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UBS Hires Goldman’s Chung as Investment Bank Counsel

Updated on

UBS AG hired Chul Chung from Goldman Sachs Group Inc. to be co-general counsel for its investment bank as Switzerland’s largest lender navigates the biggest overhaul of U.S. financial regulation since the Great Depression.

Chung, who worked at Goldman Sachs for 16 years, most recently as head of derivatives clearing strategies in its securities division, will begin in the newly created position in New York in late October, UBS General Counsel Markus Diethelm said in an Aug. 4 memo to employees. Spokeswoman Kelly Smith in New York confirmed the contents of the memo. Chung will work alongside David Graham, now general counsel to the investment bank, who becomes co-general counsel.

His work will “help the investment bank more assertively play a role in industry discussions regarding market structures and regulations, and -- critically -- to ensure that the investment bank remains in full compliance with all relevant laws and regulations in the markets in which we operate,” Diethelm said in the e-mailed memo.

Chung is at least the second hire UBS has made from rivals this year to help it deal with the changing market infrastructure. Paul Hamill joined the bank in June from Barclays Capital as chief operating officer in U.S. credit trading in Stamford, Connecticut, Smith said.

New Law

President Barack Obama last month signed financial-industry legislation into law that will give U.S. regulators oversight of privately negotiated derivatives markets. The law creates a mechanism for liquidating failing financial firms whose collapse could roil markets and creates a consumer bureau at the Federal Reserve to monitor banks for credit-card and mortgage lending abuses.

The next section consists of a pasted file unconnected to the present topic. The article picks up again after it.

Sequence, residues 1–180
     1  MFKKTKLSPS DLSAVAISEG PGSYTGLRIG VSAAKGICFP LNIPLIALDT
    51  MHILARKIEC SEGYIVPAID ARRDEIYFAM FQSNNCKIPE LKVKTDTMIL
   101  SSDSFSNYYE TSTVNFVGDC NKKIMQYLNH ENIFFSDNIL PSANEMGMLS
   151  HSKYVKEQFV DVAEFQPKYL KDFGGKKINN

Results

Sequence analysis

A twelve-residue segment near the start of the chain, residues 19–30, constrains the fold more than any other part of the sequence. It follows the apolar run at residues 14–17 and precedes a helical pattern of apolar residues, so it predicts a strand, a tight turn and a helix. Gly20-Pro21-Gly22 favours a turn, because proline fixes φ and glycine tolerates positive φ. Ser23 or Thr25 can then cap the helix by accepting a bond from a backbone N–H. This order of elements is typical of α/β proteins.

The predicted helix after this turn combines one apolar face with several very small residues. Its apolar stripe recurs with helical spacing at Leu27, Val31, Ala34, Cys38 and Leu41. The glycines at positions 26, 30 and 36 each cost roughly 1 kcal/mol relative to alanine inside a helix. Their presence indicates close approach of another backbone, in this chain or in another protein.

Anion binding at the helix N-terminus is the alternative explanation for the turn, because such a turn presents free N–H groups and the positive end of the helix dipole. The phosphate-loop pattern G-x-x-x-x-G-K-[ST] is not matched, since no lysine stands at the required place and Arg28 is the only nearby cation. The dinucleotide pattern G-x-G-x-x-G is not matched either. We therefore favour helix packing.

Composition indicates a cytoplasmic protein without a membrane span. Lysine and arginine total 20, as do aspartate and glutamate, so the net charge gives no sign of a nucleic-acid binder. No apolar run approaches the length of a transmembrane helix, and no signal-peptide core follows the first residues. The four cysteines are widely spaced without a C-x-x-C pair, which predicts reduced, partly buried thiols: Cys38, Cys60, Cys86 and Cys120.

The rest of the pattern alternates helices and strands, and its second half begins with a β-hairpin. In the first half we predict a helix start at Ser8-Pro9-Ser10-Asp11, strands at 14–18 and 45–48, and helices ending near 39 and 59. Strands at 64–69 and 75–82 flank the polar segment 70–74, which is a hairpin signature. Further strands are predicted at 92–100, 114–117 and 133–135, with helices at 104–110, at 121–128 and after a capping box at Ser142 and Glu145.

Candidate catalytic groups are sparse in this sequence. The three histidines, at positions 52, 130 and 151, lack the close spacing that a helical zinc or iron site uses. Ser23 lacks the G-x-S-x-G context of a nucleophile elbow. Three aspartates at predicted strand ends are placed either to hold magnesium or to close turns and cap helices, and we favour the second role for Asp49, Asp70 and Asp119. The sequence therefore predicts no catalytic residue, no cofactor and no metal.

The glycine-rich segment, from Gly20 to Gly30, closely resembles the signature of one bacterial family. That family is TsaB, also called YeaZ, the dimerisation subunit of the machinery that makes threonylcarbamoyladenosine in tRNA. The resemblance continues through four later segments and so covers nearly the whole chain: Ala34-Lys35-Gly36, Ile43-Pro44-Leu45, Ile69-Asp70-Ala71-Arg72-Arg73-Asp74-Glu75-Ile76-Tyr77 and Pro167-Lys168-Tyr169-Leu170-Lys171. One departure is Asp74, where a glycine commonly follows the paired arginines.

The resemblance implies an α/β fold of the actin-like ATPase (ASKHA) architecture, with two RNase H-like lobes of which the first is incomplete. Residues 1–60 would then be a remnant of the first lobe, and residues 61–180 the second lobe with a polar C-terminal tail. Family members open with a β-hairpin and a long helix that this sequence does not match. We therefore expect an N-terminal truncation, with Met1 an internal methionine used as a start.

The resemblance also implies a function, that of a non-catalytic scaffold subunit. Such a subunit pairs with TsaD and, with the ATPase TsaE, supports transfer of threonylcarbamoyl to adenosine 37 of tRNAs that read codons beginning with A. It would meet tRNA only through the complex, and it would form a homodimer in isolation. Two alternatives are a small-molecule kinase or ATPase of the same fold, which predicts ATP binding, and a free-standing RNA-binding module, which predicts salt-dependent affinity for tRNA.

As part of the rules, banks will be required to move much of the $615 trillion over-the-counter derivatives market through clearinghouses designed to absorb losses from the failure of a dealer or major investment firm. The measure was prompted by the collapse in 2008 of Lehman Brothers Holdings Inc. and near-bankruptcy of American International Group Inc., which had sold derivatives protecting banks against losses on mortgage-linked securities.

The Basel Committee on Banking Supervision also is proposing rules that would impose higher capital requirements on banks worldwide. The rules would tighten control of what goes into banks’ calculation of risk, redefine what counts as capital and levy higher charges against holdings including derivatives.

Chung, reached on his mobile phone, declined to comment.

While at Goldman, Chung worked with industry committees of the International Swaps and Derivatives Association as the Federal Reserve Bank of New York and other regulators pressed dealers to curb risks from derivatives markets and to begin moving trades through clearinghouses. Chung, a graduate of Georgetown University’s law School, spent the first three years of his career at New York law firm Skadden, Arps, Slate, Meagher and Flom LLP, Diethelm said in the memo.

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